In recent news, lawmakers in Texas have put forward their intentions to adopt a digital currency, but they are not interested in a dollar-backed CBDC. Instead, they want a digital currency that could be exchanged for gold and cash.
Senate Bill 2334, introduced by Senator Bryan Hughes, and House Bill 4903, introduced by Representative Mark Dorazio, collectively represent the first proposal for a state currency not backed by the dollar but by gold.
Sources reveal that Republican Senator Bryen Hughes submitted Senate Bill 2334, which proposed the Texas Comptroller create the asset, with its value represented by a fraction of a troy ounce of gold (one troy ounce is equivalent to 31.1 grams). Quoting him:
The comptroller shall establish a digital currency backed by gold so that each unit of the digital currency issued represents a particular fraction of a troy ounce of gold held in trust.
The proposed bill also has a provision that mandates the comptroller to establish a means for digital currency holders to enable them to easily transfer or assign the asset to others through any payment system.
Additionally, the bill states that the comptroller will act as a trustee and fiduciary on behalf of digital currency holders, maintaining “sufficient gold to provide gold redemption for all units of the digital currency that have been issued and not yet redeemed for money or gold.”
According to the bill, the currency reserves must be 100% backed in gold and to prevent manipulation of the liquidity of the asset, lawmakers have also implemented preventive measures.
Even though unlimited purchases are allowed, the comptroller has to acquire the same fractional amount in troy ounces of gold to ensure its backing and stability to avoid any potential imbalance in the supply and demand of the proposed digital currency. As the bill stated:
[The Controller should] buy a fractional number of troy ounces of gold equal to the number of units of the digital currency issued to the purchaser, and issue the purchaser several units of the digital currency equal to the amount of gold the comptroller purchases with the money received from the purchaser.
Hence, whenever a buyer wishes to sell their assets, the controller or the entity in charge must provide an equal amount in cash to cover the funds. In addition, sellers who wish to exchange the coins for physical gold can do so via designated agents, who will provide the equivalent value in small gold coins or large bars.
The comptroller, or a person with whom the comptroller has contracted, or a person serving as a trustee for purposes of this chapter, may manage redemption of the digital currency for gold using bars or coins of standard sizes and may pay fractional remainders in cash as necessary to facilitate the transaction.”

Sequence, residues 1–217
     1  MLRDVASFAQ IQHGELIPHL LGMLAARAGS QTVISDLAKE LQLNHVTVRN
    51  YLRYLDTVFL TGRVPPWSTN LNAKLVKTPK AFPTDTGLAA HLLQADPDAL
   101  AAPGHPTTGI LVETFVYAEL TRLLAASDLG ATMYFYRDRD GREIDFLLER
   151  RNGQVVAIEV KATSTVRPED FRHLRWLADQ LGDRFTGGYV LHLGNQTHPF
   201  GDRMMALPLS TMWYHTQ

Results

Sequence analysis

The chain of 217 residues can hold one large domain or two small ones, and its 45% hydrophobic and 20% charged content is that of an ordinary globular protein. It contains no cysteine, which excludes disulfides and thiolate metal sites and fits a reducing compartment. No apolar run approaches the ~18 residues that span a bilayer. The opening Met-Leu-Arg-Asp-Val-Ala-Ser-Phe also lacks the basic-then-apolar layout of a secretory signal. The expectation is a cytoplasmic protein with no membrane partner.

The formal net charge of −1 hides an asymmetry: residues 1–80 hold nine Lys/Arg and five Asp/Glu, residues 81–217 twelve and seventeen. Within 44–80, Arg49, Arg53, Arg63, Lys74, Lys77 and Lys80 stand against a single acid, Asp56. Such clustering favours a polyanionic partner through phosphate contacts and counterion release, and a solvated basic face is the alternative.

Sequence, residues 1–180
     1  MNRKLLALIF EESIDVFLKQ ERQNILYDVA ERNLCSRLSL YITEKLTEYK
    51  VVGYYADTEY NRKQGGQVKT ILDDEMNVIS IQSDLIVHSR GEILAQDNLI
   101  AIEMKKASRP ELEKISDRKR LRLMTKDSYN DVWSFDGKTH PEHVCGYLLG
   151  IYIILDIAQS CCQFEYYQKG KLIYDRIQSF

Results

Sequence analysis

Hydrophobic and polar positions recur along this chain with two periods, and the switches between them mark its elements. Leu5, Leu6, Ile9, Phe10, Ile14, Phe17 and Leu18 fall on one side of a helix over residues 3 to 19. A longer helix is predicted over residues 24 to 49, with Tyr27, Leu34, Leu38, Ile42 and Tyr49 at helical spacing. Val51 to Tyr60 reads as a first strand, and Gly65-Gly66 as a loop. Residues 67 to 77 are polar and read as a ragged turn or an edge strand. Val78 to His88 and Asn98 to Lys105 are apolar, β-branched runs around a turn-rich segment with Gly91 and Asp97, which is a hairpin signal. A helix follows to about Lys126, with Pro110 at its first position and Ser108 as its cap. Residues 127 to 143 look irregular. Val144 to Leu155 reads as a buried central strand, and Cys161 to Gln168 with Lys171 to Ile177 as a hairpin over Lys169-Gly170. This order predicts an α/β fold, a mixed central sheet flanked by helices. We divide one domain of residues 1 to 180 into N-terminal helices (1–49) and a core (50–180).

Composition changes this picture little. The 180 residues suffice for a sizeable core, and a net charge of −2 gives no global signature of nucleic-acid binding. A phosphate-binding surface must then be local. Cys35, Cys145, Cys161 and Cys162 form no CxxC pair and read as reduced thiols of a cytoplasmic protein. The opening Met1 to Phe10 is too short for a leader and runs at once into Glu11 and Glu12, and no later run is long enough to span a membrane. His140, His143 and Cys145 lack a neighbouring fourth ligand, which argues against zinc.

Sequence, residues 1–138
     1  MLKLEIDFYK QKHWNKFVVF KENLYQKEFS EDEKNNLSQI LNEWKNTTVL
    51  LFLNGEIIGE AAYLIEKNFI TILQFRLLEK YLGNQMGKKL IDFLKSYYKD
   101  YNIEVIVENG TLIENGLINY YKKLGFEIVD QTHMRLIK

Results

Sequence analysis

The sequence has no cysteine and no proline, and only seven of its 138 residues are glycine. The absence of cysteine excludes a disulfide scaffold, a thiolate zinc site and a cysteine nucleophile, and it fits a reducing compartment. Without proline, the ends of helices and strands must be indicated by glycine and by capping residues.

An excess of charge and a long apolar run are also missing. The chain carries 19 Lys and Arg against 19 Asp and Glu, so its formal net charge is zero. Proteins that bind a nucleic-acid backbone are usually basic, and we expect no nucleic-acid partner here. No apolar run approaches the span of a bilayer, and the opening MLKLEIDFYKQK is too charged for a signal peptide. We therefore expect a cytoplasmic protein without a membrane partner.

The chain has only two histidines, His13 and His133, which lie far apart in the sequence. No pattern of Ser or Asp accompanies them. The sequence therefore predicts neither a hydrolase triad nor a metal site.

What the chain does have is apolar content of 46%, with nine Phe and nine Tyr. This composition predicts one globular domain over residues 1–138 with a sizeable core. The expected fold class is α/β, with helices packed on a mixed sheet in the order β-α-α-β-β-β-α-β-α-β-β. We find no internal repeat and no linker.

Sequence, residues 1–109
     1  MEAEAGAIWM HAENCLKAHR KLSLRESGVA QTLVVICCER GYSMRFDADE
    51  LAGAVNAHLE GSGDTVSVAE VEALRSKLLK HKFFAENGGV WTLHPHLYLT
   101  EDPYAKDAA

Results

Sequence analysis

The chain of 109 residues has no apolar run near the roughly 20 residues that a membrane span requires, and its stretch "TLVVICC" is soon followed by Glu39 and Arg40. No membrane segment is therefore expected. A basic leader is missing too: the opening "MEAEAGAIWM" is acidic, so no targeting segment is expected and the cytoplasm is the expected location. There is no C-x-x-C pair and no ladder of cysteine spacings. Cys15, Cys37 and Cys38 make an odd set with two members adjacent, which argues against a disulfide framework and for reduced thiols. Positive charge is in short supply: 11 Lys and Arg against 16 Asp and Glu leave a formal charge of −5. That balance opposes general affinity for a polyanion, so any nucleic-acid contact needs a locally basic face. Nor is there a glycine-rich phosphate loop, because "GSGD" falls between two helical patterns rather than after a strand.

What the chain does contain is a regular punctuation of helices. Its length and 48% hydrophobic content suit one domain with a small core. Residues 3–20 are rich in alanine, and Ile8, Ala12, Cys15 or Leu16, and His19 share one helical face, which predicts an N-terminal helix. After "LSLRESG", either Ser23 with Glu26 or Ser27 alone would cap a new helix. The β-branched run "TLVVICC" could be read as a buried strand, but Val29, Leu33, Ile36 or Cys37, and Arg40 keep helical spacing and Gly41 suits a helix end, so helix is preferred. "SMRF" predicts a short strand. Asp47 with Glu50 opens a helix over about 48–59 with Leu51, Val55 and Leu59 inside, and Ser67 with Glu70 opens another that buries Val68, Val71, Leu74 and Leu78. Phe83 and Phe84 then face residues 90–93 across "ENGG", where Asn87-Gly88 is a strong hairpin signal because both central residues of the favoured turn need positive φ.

At the moment, the bill requires approval at the Committee hearing before becoming official law and gaining State Senate and House approval. However, these projects show Texas’ interest in returning to the gold standard, which boosted the US economy and trade for several years.
Texas has been a pro-crypto state with the state authorities wanting to embrace the industry and the technology it has to offer. However, while the approach of the Texas lawmakers has mostly been in favor of the crypto sector, recent incidents have shown a different stance.
Previously, Cody Harris, a Texas House of Representatives member, proposed a Right to Mine bill. Harris asked his fellow lawmakers to rise in support of miners and “express support for protecting individuals who code or develop on the Bitcoin network.”
However, on Tuesday, the Texas Senate came one step closer to reaching an agreement about Senate Bill 1751. Sources suggest that the bill received unanimous approval from the Senate before moving to the House and the governor. The proposed bill seeks to regulate how Bitcoin miners can interact with the power grid, and how their earnings will be taxed.
Hence, it would be interesting to see what the lawmakers have in mind regarding the proposed gold-backed stablecoin. If approved, this would mark a phenomenal step from the authorities in favor of the digital assets. The lawmakers and states in the US have been hugely divided over their opinions of the subject.
Nonetheless, Texas is not the first state to propose a state-backed digital currency, Miami and New York have already tested the issuance of their official tokens. In August 2021, lawmakers proposed MiamiCoin (MIA), an alternative cryptocurrency that the city would store in a wallet and allow others to purchase.